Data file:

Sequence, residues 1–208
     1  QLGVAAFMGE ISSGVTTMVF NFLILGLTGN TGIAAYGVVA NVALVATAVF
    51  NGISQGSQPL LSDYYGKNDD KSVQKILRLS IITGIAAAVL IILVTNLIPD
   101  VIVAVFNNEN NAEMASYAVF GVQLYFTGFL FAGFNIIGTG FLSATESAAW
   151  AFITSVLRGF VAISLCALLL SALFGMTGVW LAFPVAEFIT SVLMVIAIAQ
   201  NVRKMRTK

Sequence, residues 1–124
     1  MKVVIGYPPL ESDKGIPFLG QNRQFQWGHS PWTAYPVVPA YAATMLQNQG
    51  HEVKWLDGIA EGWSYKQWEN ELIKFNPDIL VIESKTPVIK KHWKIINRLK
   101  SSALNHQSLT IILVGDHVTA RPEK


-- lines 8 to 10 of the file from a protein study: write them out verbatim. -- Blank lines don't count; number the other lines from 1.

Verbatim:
     1  MKVVIGYPPL ESDKGIPFLG QNRQFQWGHS PWTAYPVVPA YAATMLQNQG
    51  HEVKWLDGIA EGWSYKQWEN ELIKFNPDIL VIESKTPVIK KHWKIINRLK
   101  SSALNHQSLT IILVGDHVTA RPEK